I stared, mesmerized by the slight movement of an otherwise static photograph. A woman sitting on a dresser, wearing a long dress, slowly swinging her crossed-leg back and forth. It looked so realistic that it was almost eerie.The term “ cinemagraphy ” was coined in 2011 by two New York photographers. Four years later, it has advertisers buzzing because of its “stop and stare” effect on consumers.
Creating one is relatively simple too. I teamed up with two MITTERA Studios photographers, Eric Hinders and Jason Walsmith, to make some organic examples for this post. The whole process took no more than an hour.
Jason and I sat still while moving my earring and his hoodie string back and forth to create the same type of movement you see in a cinemagraph. Eric then captured each motion along with the stillness of the photo. The result is what you see below.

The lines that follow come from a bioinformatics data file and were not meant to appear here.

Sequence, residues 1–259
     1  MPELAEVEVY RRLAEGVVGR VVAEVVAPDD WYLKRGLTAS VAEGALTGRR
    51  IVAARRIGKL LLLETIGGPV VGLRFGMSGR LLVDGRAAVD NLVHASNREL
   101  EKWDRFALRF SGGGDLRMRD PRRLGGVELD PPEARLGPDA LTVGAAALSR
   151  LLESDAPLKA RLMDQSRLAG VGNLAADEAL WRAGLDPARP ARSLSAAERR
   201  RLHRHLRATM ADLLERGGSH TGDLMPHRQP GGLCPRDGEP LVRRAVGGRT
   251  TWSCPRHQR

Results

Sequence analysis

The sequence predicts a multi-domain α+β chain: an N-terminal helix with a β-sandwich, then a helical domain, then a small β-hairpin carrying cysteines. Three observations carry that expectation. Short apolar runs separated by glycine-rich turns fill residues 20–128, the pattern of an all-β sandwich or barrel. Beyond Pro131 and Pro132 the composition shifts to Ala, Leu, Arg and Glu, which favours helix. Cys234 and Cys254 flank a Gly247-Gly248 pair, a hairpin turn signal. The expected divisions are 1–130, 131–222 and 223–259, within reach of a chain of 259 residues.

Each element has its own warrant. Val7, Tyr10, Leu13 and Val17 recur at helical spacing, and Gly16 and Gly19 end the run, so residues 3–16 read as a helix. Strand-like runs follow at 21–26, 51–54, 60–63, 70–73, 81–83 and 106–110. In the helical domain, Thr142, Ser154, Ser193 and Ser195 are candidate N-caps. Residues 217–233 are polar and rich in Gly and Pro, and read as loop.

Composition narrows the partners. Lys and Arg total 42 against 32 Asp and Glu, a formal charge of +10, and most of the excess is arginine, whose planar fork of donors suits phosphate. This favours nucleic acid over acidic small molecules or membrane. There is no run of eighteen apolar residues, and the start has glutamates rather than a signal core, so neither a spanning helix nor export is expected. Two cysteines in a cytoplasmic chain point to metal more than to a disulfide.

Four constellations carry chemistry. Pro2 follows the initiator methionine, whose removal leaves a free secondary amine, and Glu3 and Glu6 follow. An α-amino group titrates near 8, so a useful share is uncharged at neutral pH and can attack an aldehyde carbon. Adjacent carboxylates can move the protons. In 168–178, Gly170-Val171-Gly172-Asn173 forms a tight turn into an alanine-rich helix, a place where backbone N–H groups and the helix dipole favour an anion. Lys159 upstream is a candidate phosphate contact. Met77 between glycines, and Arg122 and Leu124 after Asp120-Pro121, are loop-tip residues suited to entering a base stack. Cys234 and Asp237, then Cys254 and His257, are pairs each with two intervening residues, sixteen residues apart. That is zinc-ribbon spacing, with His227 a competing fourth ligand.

While some argue it’s just an updated form of an otherwise choppy and unnatural looking GIF (Graphics Interchange Format), cinemagraphy ’s effectiveness is undeniable. Ads designed by Flixel’s Apple Design software receive a whopping 80 percent increase in clicks.
Facebook and Instagram recently announced their intentions of using it in hopes of luring more big name brands, such as Heineken beer and Unilever’s Caress, who’ve already taken the leap.
Does this mean new and previous users will flock to Facebook in droves because of the cinemagraph? Will even more big name advertisers follow the trend? Only time will tell.